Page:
Wipe your eyes, all is not lost, because good things come in brown boxes. Meat and dairy from organic farms - where the organic soil acts as a sponge for carbon and manure is composted and used to fertilise crops - is a solid choice. The added benefit is that Soil Association certified meat and dairy guarantees the highest standards of animal welfare.  

Grass-fed, organic herds often graze on land that isn't suitable for growing food. And there’s at least one study that shows that eating a mostly plant based diet, with some organic, grass-fed meat on the side, is the most sustainable choice.

So, choose wisely and be picky. Treat yourself to a little organic meat, then bulk up your barbecue with piles of deliciously charred vegetables (try skewers of courgettes, peppers, red onions, tomatoes next to juicy portobello mushrooms). And try out a few meat alternatives while you’re at it!

A barbecue is a grilliant (yes, that just happened) way to try out our plethora of organic, vegan bangers and burgers. Gone are the days of glumly snacking on a bit of warm cucumber while everyone else gorges on piles of beef patties. My current favourites are these hotdog-style Taifun veggie sausages, which hold up really well on the coals and taste fab.

  

‘Cue a challenge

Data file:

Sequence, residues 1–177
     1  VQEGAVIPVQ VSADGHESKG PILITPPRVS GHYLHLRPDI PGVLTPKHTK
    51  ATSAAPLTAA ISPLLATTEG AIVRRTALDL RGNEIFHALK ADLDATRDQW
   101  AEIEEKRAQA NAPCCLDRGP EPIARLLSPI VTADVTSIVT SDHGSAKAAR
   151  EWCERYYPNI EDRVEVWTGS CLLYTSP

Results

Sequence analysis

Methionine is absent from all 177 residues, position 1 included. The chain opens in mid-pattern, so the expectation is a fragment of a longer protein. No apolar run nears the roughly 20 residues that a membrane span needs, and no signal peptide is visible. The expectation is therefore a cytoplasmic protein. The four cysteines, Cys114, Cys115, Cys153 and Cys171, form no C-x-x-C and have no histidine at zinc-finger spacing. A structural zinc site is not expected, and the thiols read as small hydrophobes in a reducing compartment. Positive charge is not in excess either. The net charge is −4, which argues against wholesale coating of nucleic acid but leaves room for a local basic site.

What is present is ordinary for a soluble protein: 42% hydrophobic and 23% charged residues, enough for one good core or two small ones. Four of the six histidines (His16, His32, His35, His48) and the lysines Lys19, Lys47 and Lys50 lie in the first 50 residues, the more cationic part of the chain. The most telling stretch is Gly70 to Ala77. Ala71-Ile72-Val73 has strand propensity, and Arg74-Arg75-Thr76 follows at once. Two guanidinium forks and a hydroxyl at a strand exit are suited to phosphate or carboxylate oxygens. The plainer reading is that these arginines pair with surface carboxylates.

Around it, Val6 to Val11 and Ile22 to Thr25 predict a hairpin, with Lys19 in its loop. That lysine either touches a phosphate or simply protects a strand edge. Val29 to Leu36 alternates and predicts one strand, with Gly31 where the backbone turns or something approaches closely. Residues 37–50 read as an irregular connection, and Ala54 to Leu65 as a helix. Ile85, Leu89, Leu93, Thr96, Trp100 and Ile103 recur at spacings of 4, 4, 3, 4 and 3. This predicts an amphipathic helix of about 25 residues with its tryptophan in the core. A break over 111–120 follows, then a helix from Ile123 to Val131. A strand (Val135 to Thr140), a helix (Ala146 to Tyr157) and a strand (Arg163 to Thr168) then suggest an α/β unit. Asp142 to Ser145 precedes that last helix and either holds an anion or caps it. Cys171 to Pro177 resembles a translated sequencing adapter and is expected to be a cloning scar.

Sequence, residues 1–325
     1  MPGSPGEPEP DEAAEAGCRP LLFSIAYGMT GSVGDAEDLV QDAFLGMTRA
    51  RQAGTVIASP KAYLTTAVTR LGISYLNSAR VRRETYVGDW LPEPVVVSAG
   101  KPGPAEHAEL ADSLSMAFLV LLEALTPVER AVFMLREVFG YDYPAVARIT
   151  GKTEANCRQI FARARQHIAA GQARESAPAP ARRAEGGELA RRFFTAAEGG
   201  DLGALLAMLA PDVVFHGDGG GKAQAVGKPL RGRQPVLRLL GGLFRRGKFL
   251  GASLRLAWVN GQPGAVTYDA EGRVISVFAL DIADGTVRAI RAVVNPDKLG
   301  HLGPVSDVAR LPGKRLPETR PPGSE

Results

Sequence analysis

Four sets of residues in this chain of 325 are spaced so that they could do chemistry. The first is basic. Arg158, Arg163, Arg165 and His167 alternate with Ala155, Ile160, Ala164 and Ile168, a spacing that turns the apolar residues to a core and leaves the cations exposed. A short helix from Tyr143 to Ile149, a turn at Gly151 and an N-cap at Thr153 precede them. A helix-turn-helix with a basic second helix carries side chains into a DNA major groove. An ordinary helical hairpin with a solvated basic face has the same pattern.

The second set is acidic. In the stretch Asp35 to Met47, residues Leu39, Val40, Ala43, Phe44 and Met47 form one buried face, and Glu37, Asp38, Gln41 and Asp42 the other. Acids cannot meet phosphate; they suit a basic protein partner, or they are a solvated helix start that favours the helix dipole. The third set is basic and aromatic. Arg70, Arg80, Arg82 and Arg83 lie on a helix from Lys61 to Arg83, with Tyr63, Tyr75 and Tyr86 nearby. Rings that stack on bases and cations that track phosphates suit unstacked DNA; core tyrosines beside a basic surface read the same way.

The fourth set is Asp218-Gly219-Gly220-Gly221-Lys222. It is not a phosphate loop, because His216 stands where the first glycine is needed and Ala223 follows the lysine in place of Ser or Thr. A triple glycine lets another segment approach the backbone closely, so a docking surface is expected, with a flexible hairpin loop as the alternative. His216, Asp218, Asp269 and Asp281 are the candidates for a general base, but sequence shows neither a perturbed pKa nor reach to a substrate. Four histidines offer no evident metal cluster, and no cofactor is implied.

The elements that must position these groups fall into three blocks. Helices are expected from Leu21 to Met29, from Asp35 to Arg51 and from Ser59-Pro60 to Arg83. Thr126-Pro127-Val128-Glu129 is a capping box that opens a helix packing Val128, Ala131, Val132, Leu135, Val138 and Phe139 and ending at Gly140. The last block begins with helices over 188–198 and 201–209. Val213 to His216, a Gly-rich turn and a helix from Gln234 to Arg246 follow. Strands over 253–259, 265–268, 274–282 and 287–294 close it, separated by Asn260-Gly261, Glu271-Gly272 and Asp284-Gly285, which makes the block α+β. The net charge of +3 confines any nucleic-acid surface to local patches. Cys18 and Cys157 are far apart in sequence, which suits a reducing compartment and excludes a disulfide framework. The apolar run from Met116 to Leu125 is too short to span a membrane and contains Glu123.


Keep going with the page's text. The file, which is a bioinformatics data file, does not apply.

Here’s my challenge to you: if you eat meat, either try a fully vegan or veggie barbecue, OR, if the call of the drumstick is just too great, skip meat for three days leading up to your barbie. I’ll bet my bottom hotdog you’ll enjoy that organic chicken so much more.


3. Forgo disposable anything

I hope you’re sitting down. Things are about to take a turn for the radical. Many Abel & Colers will have been doing this for ever, but for the uninitiated, here we go.

Stop using disposable plates, cutlery, cups and glasses.

It may feel weird and the odd thing might fall over, but disposable plates and stuff do absolutely no good.

Just use real crockery, cutlery and cups. or (and here’s a fun way to think about it) design your barbecue to be plate-free!

Serve salads, burgers, bangers and so on in rolls, wraps –even lettuce leaves. Have a ‘filling station’ where people can make their buns, burgers or wraps and hey presto, you just saved a bag of rubbish or washing up.


4. Tell food waste to fork off

Picture the average barbeque. How much ends up in the bin after the event? Let's be honest.

Those salads that sit out sweltering in the sun all afternoon? Unless you’ve programmed your body to build up a natural resistance to salmonella, you probably don’t want to save that stuff for supper the next day.

So, let’s redesign how you organise the food. Here’s my mantra for you: undercater, undercater, undercater.

What's the worst that could happen? Someone goes home without having that last sausage. When someone says ’ooh go on then’ it actually means, “I'm not hungry but I don't like to see food go to waste”.

Undercater on things that spoil easily. You'll be doing your friends and the planet a favour.

Then make plenty of the stuff that can be turned into something delicious later. For example, grilled veggies can be turned into a gorgeous pasta sauce or soup for the freezer.

Keep salads in the coolest, shadiest place possible, or even put out small amounts and keep the rest in the fridge, ready for topping up when the bowl is empty.

And there you have it. May all your barbecues from now on be deliciously ethical and better for the biosphere.